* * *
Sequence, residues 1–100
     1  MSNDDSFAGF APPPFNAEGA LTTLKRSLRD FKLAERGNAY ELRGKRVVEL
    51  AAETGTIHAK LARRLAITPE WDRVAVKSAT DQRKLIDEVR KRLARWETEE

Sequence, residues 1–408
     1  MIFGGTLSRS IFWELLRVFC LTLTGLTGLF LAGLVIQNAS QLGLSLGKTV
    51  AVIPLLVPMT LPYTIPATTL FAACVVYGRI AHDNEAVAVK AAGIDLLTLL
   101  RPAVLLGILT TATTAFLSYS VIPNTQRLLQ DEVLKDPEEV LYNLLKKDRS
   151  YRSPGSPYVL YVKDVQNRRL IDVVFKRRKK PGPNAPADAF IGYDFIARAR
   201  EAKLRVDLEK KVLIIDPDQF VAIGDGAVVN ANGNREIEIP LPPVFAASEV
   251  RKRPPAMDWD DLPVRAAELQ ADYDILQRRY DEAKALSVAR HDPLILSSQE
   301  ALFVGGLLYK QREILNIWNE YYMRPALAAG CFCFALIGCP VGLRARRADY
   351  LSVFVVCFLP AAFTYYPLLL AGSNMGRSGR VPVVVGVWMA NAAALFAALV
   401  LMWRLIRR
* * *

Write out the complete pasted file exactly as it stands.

Sequence, residues 1–100
     1  MSNDDSFAGF APPPFNAEGA LTTLKRSLRD FKLAERGNAY ELRGKRVVEL
    51  AAETGTIHAK LARRLAITPE WDRVAVKSAT DQRKLIDEVR KRLARWETEE

Sequence, residues 1–408
     1  MIFGGTLSRS IFWELLRVFC LTLTGLTGLF LAGLVIQNAS QLGLSLGKTV
    51  AVIPLLVPMT LPYTIPATTL FAACVVYGRI AHDNEAVAVK AAGIDLLTLL
   101  RPAVLLGILT TATTAFLSYS VIPNTQRLLQ DEVLKDPEEV LYNLLKKDRS
   151  YRSPGSPYVL YVKDVQNRRL IDVVFKRRKK PGPNAPADAF IGYDFIARAR
   201  EAKLRVDLEK KVLIIDPDQF VAIGDGAVVN ANGNREIEIP LPPVFAASEV
   251  RKRPPAMDWD DLPVRAAELQ ADYDILQRRY DEAKALSVAR HDPLILSSQE
   301  ALFVGGLLYK QREILNIWNE YYMRPALAAG CFCFALIGCP VGLRARRADY
   351  LSVFVVCFLP AAFTYYPLLL AGSNMGRSGR VPVVVGVWMA NAAALFAALV
   401  LMWRLIRR